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Basic C++ question

 
 
CPlusPlus
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      04-05-2010
char* pStr = "This is a test";
char* token = strtok(pStr, " "); // space as delimiter

Above simple code throws an exception. I think I understand why.
Pointer pStr points to a constant string.

1. How can I tokenize pStr using pointers?
2. What is the difference between const char *p and char* const p?

TY
 
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Stefan Ram
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      04-05-2010
CPlusPlus <(E-Mail Removed)> writes:
>1. How can I tokenize pStr using pointers?


#include <cstring>

int main()
{ char const * pStr = "This is a test";
static char text[ 15 ];
strcpy( text, pStr );
char * t = strtok( text, " " ); }

>2. What is the difference between const char *p and char* const p?


The difference is defined only for some realms,
such as numbers (5-3=2), but one cannot calculate
a difference for two type specifications in C++.

 
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Stefan Ram
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      04-05-2010
"Leigh Johnston" <(E-Mail Removed)> writes:
>>int main()
>>{ char const * pStr = "This is a test";
>> static char text[ 15 ];
>> strcpy( text, pStr );
>> char * t = strtok( text, " " ); }

>Why static?


I don't know.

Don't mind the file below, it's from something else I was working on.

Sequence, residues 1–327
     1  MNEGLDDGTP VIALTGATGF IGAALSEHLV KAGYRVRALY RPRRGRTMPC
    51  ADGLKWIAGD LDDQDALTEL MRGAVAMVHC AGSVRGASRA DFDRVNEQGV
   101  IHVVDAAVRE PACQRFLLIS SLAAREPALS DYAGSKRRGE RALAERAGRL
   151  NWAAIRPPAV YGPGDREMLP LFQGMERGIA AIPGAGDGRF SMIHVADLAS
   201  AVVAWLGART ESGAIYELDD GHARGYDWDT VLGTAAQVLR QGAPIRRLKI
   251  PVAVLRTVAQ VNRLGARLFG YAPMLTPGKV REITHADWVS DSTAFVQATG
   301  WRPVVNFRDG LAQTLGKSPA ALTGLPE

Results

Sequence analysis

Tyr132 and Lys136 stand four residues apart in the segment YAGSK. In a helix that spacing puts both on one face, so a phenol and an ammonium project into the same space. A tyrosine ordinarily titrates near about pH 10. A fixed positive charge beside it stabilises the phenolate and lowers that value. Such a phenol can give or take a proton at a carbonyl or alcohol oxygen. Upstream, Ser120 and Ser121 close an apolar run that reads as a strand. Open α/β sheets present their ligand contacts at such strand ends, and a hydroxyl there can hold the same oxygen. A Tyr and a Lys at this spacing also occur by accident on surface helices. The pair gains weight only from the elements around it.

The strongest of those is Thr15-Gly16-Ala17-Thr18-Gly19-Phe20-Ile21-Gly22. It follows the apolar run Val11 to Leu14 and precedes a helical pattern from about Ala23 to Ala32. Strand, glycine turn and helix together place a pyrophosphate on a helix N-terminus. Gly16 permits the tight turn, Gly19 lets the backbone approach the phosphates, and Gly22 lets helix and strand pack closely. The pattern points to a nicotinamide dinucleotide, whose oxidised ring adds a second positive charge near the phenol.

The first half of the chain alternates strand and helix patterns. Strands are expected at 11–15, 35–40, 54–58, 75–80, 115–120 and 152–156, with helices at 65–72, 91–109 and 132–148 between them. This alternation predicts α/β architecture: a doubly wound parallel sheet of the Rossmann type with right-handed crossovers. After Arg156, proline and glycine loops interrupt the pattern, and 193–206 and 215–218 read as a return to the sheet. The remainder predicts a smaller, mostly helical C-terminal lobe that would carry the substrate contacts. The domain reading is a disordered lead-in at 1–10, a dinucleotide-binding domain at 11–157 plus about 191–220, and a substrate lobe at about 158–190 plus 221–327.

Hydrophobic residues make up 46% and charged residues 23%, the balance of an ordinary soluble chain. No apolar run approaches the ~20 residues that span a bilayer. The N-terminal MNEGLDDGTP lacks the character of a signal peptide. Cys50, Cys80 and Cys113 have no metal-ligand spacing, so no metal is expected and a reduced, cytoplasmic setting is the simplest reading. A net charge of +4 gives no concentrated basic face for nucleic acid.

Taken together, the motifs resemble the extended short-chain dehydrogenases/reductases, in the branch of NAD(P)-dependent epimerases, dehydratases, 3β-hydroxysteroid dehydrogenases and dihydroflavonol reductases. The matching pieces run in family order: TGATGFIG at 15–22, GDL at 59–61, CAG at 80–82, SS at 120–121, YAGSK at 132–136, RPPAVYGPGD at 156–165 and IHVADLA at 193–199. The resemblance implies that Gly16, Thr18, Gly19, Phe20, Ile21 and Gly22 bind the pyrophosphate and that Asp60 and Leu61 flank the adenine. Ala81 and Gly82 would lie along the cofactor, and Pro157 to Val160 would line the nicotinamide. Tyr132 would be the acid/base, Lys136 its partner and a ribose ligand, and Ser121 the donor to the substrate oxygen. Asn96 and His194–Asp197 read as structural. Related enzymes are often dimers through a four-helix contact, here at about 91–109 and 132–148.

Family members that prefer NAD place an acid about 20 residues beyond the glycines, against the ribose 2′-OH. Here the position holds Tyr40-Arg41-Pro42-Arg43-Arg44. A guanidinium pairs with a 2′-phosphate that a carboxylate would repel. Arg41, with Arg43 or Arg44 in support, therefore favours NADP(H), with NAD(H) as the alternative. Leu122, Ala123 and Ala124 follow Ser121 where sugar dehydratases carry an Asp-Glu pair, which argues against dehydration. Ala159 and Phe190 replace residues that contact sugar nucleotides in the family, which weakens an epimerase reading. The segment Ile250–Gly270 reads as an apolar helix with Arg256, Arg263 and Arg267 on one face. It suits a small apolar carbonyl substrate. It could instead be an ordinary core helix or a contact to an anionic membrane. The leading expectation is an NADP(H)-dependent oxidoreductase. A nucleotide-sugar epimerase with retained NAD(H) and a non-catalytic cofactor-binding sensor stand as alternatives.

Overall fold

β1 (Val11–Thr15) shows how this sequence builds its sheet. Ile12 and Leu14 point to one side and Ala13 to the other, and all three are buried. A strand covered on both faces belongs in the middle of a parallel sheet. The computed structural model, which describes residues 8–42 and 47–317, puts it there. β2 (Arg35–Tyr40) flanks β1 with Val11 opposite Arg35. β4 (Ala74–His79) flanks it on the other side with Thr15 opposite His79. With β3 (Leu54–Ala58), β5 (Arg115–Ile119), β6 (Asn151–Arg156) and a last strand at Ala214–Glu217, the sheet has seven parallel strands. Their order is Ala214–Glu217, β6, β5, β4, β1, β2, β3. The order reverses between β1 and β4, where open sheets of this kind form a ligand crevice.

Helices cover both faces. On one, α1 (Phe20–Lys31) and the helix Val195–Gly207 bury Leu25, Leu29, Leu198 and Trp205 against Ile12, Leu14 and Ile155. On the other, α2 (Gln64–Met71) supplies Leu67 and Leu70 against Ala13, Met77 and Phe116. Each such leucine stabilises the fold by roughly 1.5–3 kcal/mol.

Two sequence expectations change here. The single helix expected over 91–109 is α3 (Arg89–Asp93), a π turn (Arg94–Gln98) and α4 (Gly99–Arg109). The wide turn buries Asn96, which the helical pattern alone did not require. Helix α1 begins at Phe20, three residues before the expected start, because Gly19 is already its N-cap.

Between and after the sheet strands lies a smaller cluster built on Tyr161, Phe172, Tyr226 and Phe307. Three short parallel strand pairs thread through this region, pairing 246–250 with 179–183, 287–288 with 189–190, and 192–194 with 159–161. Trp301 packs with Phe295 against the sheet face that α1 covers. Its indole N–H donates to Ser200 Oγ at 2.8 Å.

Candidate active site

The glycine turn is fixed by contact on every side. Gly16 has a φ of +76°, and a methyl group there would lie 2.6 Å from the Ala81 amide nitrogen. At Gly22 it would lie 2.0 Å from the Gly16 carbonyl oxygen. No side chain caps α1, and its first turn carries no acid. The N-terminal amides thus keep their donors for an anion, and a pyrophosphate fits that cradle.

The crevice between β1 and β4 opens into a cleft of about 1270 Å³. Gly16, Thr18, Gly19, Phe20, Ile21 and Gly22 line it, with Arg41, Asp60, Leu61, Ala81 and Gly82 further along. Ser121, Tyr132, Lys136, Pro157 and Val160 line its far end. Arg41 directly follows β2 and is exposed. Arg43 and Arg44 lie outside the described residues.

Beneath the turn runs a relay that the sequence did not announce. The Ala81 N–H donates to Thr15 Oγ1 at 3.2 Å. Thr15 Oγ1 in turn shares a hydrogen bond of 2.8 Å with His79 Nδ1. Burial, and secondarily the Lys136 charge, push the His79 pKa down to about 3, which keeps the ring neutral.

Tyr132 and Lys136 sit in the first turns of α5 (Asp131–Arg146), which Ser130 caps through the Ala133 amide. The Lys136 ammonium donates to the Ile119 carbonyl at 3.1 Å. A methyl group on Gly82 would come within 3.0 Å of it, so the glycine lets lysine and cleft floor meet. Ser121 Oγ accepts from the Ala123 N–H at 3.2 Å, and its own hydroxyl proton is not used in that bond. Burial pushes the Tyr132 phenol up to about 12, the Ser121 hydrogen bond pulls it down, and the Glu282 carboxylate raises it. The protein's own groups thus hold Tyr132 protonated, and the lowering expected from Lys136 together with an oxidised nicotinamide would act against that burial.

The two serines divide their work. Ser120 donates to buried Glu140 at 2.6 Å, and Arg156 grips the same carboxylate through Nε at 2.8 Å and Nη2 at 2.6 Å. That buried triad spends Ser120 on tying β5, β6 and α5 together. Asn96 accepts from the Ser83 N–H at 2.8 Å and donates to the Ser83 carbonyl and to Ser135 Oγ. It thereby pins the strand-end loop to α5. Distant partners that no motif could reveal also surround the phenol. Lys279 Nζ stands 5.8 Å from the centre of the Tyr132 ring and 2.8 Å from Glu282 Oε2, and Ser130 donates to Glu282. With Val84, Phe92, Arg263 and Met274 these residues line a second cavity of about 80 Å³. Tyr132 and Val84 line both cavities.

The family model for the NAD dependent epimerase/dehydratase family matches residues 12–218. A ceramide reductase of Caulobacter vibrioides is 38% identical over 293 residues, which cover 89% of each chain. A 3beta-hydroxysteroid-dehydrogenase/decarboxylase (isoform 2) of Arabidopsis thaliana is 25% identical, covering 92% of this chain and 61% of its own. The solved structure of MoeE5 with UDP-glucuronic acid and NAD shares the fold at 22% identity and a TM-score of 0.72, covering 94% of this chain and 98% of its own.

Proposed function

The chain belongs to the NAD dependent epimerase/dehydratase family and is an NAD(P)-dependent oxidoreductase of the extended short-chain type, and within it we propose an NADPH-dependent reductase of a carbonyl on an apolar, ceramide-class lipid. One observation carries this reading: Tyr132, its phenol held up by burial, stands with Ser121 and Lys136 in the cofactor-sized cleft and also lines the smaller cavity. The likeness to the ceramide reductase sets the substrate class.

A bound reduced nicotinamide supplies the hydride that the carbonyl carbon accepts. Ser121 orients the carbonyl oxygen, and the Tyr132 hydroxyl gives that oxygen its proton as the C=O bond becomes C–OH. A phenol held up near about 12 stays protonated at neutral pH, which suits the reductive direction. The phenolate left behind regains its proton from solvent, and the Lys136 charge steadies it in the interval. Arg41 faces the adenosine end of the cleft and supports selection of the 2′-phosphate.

(Long version:

I copied some parts of the code from ISO/IEC 9899:1999,
including this »static«. I did not know a reason for this
»static«, but to be on the safe side, I'd rather not delete
it, as I could not see harm in it either and there might be
some reason for it I did not know.

One might say, that automatic storage duration is »needed«
only for recursion and the function main shall not be used
within a program, so it does not »need« automatic variables,
but this is no good reason, since automatic storage does not
have higher cost than static storage in this case.)

 
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CPlusPlus
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      04-05-2010
The difference is defined for some realms .. hehe :0)

On Apr 5, 9:12*am, "Leigh Johnston" <(E-Mail Removed)> wrote:
> "Stefan Ram" <(E-Mail Removed)-berlin.de> wrote in message
>
> news:(E-Mail Removed)-berlin.de...
>
> > CPlusPlus <(E-Mail Removed)> writes:
> >>1. *How can I tokenize pStr using pointers?

>
> > #include <cstring>

>
> > int main()
> > { char const * pStr = "This is a test";
> > *static char text[ 15 ];
> > *strcpy( text, pStr );
> > *char * t = strtok( text, " " ); }

>
> Why static?
>
>
>
> >>2. *What is the difference between const char *p and char* const p?

>
> > *The difference is defined only for some realms,
> > *such as numbers (5-3=2), but one cannot calculate
> > *a difference for two type specifications in C++.

>
> Funny.
>
> /Leigh


 
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Rui Maciel
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      04-05-2010
CPlusPlus wrote: